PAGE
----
Fighting back Against Anti-Trans Legislation with Point of Pride
More legislation targeting trans people's basic human rights has been introduced in recent months than in the preceding decades combined. Certain bills are attempting to limit access to healthcare and make it difficult to exist in public spaces and use bathrooms safely. Additionally, they seek to limit our right to have and raise children, as well as adjust our legal documents and pronouns.
Lawmakers, who have gained confidence from their attacks on trans youth and adults, are now extending their attacks towards the larger LGBTQIA2S+ community. They are proposing unconstitutional bans on drag, recognition of same-sex marriage, and other related matters. Some of these propositions have, or are in the works, to be passed.
These attacks aren't limited to transgender and gender diverse adults—youth are being targeted at an alarming rate and bills are passing every month to restrict their access to life-saving healthcare, ability to participate in children's sports, and more.
5 Ways that YOU can Fight Back:
1. Stay educated and up-to-date:
- The Trans Formations Project: nonprofit dedicated to taking action against ongoing anti-trans legislative crisis in the US
- Chris Mosier: trans athlete and activist
- Erin Reed: journalist, activist, and content creator focused on LGBTQ+ justice, and human Rights
- TransLash Media & Podcast: covering trans stories to save trans lives
- Schuyler Bailar: trans athlete, educator, author and activist
- Folx Health: health and wellness resource for LGBTQ+ folks
2. Pay attention to your local politics:
- Know the agendas of your legislators and be prepared to stand up to them.
3. Support organizations that actually support the LGBTQ+ community:
- shop LGBTQ+ brands
- donate to organizations supporting LGBTQ+ people in diverse ways
- and consume Queer content!
4. Protect your peace
- Log off when you need to
- Focus on what’s in front of you
- Guided Meditation (TDOV-inspired version HERE)
5. Find your community.
- Connect & look out for the people in your inner circle.
- This month (and all year around), attend Queer events to find your community or to practice being a better ally!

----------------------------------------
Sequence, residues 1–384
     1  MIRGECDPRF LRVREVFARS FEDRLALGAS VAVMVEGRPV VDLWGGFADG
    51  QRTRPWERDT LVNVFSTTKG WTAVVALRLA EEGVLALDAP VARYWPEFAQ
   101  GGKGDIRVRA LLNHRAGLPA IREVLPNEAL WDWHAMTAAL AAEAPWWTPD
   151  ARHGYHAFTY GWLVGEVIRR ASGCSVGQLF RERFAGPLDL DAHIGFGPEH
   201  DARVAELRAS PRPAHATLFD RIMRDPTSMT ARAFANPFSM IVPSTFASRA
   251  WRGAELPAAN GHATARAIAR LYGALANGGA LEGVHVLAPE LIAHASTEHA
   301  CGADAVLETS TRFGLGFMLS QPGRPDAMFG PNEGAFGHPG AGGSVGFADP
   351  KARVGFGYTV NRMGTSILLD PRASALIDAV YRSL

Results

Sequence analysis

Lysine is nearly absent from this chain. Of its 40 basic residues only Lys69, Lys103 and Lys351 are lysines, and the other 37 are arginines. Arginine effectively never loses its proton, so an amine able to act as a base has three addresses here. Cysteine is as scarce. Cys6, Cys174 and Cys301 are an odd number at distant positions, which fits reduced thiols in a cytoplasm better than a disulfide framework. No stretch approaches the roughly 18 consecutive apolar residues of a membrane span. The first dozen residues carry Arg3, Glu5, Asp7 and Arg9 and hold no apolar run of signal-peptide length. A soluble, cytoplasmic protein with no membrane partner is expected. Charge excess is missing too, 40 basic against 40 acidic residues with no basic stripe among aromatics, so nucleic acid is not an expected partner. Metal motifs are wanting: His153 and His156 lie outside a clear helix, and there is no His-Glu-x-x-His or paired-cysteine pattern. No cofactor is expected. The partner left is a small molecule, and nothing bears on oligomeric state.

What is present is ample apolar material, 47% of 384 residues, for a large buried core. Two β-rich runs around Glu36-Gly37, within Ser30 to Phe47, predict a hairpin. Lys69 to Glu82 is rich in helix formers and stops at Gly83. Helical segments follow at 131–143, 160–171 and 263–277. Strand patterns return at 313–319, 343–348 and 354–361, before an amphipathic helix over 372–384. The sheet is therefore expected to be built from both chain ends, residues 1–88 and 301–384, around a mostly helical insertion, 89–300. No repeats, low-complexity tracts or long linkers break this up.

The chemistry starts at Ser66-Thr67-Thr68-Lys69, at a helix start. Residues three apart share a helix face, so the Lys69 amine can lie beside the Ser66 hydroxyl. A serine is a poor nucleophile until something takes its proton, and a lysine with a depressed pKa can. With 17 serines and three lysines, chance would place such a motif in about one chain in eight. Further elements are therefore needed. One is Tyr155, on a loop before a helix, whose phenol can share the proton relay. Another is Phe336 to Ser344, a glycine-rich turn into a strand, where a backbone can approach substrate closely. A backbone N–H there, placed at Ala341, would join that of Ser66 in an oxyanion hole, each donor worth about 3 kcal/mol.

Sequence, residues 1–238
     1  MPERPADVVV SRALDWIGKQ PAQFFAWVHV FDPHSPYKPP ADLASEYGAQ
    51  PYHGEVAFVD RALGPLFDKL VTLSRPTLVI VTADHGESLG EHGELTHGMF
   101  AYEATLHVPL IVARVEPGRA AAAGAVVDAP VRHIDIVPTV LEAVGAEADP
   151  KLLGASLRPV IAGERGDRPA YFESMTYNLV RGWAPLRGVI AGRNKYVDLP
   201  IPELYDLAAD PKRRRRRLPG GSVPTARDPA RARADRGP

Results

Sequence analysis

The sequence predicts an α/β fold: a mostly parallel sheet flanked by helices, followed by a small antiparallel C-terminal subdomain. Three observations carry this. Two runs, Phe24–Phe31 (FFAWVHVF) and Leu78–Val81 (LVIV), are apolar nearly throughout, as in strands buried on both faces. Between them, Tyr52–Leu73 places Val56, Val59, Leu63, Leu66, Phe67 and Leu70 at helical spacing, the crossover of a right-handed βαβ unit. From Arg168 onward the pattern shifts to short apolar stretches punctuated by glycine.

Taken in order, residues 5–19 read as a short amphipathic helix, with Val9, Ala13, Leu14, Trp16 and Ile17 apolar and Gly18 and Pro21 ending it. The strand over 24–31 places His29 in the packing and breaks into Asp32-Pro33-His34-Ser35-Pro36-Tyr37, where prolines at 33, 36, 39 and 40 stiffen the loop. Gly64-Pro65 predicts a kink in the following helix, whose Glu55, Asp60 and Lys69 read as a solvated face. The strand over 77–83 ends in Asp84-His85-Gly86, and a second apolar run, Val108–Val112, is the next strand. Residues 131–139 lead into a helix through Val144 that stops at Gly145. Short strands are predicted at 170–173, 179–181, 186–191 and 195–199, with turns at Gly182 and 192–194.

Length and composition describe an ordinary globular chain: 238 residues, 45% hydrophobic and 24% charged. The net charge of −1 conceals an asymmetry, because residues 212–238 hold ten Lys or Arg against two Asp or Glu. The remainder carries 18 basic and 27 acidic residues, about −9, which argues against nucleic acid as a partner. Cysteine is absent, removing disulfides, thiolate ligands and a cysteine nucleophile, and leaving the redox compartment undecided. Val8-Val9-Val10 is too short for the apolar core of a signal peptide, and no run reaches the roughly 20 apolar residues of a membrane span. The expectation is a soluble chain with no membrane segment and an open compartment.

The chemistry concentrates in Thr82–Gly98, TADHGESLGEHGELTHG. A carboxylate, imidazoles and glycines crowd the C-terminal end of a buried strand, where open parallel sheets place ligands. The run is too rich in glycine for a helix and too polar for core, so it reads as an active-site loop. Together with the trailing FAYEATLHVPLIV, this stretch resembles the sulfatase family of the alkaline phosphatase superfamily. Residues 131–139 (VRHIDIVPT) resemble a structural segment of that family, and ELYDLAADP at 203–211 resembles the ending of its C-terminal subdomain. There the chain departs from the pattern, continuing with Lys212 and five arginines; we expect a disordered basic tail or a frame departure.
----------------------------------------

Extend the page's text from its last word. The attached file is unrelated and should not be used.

Gender-Affirming Care Saves Lives.
Now more than ever, it’s important to highlight organizations working to protect the right to gender-affirming care and gender diversity.
Introducing Point of Pride…
Point of Pride is a non-profit organization that helps trans youth and adults access gender-affirming health and wellness support including:
- surgery funding
- access to HRT
- access to permanent hair removal services
- education about transgender health
- free chest binders
- and femme shapewear.
What is gender-affirming care?
Gender-affirming care refers to medical, psychological, and social support provided to trans, non-binary, and gender diverse people in order to align their physical and/or personal identity with their gender identity.
The goal of such care is to promote a person’s well-being and quality of life: to help them survive, and thrive, as their authentic self.
Examples of care range from medical interventions (including surgery and hormone replacement therapy) to changes in their physical presentation (including wearing a chest binder or femme shapewear).
There is no such thing as a full transition.
It’s important to note that transition is a highly individualized process, and not all transgender or gender diverse individuals may choose or have access to these types of care.
Why is gender-affirming care essential?
Answer from Jeff (he/him), Point of Pride’s Secretary and Co-Founder: